I read an excerpt my story One Widow’s Healing, a Health Odyssey award winner which explores the personal and ethical issues of technology-driven health care.
And Lawrence provided an interesting intro regarding science fiction predictive “what if” nature, and how mass media has taken over part of that role.
The art museum’s staff made us feel very welcome, and what a great audience! I’m still riding high on the entire experience. Thank you everyone.
I’m thrilled that I’ve been invited to read some of my science fiction at the Philadelphia Museum Art on December 22nd. David Walton will also be reading. Below are the details from the flyer: (Or if you prefer, here’s a flyer that you can share, in PDF or JPEG.)
Science fiction readings by authors David Walton & Sally Wiener Grotta in conjunction with the Philadelphia Museum of Art’s Designs for Different Futures Exhibit
Sunday, December 22nd, 2:00 to 3:00 PM
(in the exhibit’s Future Therapy Lab, free with museum admission)
DAVID WALTON‘s latest book is Three Laws Lethal, a thriller about how self-driving cars and AI are rewriting our futures. He is the recipient of the Philip K. Dick Award for distinguished science fiction and the John W. Campbell Award for best science fiction novel. The Wall Street Journal wrote that David Walton “has brought hard sci-fi roaring back to life.” He lives a double life as an aerospace engineer with Lockheed Martin by day and mild-mannered father of eight children by night.
SALLY WIENER GROTTA will read from her short story “One Widow’s Healing” (a Health Odyssey award winner), which explores the personal and ethical issues of future technology-driven health care. Her books include The Winter Boy (a Locus Magazine’s 2015 Recommended Read) and Jo Joe (a Jewish Book Council Network selected book). Her far-ranging experiences as a journalist covering all corners of the world flavor her tales with a sense of wonder, otherliness and common sense. A popular speaker, Sally has a reputation for stimulating meaningful discussions and workshops on creativity, storytelling, and on crossing our tribal divides.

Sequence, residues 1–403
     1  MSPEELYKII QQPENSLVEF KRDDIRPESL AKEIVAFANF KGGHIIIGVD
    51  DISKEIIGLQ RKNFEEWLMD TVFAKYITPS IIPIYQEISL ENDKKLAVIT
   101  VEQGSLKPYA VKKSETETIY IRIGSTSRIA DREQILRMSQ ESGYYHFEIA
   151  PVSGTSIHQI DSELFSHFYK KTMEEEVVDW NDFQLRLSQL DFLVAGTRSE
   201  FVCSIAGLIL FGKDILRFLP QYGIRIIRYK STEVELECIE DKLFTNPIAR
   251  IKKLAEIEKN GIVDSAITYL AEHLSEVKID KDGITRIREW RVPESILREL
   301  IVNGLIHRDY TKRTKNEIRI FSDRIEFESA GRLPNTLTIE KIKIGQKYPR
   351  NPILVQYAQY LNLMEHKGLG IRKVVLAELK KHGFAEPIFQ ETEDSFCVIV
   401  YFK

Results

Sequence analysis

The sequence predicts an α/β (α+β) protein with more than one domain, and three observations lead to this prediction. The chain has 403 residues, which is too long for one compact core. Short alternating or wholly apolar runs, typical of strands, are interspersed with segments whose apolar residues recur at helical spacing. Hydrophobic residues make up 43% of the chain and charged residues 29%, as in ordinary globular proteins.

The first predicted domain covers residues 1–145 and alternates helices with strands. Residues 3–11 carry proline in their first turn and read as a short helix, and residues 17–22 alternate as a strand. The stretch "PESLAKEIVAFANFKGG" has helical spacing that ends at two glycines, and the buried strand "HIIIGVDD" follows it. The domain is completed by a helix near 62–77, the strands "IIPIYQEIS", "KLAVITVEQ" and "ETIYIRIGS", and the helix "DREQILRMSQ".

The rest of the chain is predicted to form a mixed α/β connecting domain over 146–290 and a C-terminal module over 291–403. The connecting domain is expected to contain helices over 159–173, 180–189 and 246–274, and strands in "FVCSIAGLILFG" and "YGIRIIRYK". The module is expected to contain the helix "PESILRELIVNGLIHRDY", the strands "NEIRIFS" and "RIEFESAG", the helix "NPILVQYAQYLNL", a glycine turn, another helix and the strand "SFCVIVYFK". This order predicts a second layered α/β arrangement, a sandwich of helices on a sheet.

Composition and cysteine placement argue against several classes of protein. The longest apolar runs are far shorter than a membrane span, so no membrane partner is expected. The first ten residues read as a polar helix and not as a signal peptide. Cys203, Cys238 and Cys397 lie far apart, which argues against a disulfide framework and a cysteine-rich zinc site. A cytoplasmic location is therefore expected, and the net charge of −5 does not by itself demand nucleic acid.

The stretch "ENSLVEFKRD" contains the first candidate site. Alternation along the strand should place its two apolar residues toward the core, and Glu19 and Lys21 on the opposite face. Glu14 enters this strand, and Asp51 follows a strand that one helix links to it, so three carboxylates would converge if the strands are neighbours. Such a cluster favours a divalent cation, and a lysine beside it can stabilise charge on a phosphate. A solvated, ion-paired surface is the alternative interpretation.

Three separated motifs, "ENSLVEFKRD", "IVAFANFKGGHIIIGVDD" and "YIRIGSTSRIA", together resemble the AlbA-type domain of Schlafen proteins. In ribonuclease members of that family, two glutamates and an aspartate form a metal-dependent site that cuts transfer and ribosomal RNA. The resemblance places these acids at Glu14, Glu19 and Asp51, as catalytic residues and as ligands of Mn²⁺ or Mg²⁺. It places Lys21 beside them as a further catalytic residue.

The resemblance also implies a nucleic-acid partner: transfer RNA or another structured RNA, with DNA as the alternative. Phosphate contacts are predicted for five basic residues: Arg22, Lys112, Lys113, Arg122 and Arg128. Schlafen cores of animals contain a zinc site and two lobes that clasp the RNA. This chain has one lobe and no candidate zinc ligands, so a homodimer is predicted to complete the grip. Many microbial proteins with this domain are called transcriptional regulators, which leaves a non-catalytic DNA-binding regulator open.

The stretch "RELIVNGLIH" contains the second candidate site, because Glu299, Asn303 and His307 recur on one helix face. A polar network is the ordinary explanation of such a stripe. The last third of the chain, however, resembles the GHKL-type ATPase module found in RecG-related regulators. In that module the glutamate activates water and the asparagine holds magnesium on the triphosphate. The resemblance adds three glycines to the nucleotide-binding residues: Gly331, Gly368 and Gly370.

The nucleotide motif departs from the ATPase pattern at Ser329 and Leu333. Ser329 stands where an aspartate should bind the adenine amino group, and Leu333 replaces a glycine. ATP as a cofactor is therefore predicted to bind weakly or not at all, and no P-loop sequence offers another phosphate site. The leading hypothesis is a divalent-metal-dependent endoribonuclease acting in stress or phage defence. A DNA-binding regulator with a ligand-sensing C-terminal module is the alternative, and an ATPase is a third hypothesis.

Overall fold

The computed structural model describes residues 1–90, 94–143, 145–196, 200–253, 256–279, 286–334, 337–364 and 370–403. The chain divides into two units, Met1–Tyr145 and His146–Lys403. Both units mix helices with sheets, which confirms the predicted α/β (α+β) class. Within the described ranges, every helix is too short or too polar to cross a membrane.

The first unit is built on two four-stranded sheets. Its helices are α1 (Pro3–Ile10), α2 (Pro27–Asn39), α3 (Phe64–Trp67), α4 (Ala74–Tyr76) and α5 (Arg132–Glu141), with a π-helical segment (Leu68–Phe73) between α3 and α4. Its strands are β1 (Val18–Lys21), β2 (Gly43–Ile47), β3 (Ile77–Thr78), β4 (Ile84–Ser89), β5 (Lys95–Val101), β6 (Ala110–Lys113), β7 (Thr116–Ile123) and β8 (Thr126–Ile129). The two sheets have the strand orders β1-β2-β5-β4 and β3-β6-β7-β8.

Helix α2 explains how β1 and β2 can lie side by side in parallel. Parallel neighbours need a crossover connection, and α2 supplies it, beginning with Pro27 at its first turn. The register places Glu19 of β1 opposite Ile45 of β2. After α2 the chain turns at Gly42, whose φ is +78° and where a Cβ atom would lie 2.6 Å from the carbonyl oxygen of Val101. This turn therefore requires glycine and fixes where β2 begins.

LAWRENCE M. SCHOENholds a Ph.D. in cognitive psychology, is a past Campbell, Hugo, and Nebula, nominee, and twice won the Cóyotl award for best novel. His science fiction includes many light and humorous adventures of a space-faring stage hypnotist and his alien animal companion. Other works take a very different tone, exploring aspects of determinism and free will, generally redefining the continua between life and death. Sometimes he blurs the funny and the serious.
I don’t often go to conferences that require flying, unless I’m a headliner for the conference. But WorldCon is in San Jose, California, which means I can double-duty the trip by seeing some old associates and friends in Silicon Valley. In particular, I’ll be spending a day at Adobe (which I’ve been covering since Photoshop 1.0); their headquarters is walking distance from the convention center and the hotel where I’ll be staying. So I’ll be flying to California two days before the conference starts.
Of course, I’m also very much looking forward to being at WorldCon, where the whole point (for me) is seeing friends and making new ones. I’m scheduled to participate on two panels, one group reading and will have an autograph session at the SFWA table. If you’ll be at the con, please come by and say hello.
This past weekend at Readercon was filled with great conversations, superb author readings, interesting panels and the inevitable hijinx. I’m still going through pictures that folks have sent me of my readings, panels and friendly gatherings. Here are a few.
This past week, I went to my first KGB Bar Reading (in NYC). It was a delightful evening, sharing the warm, energetic and inspiring companionship of fellow authors, which included a luminous reading by Theodora Goss.
If you’re visiting New York City (or live there), be sure to check out the KGB Readings calendar. The audience is often as celebrated as the author at the podium.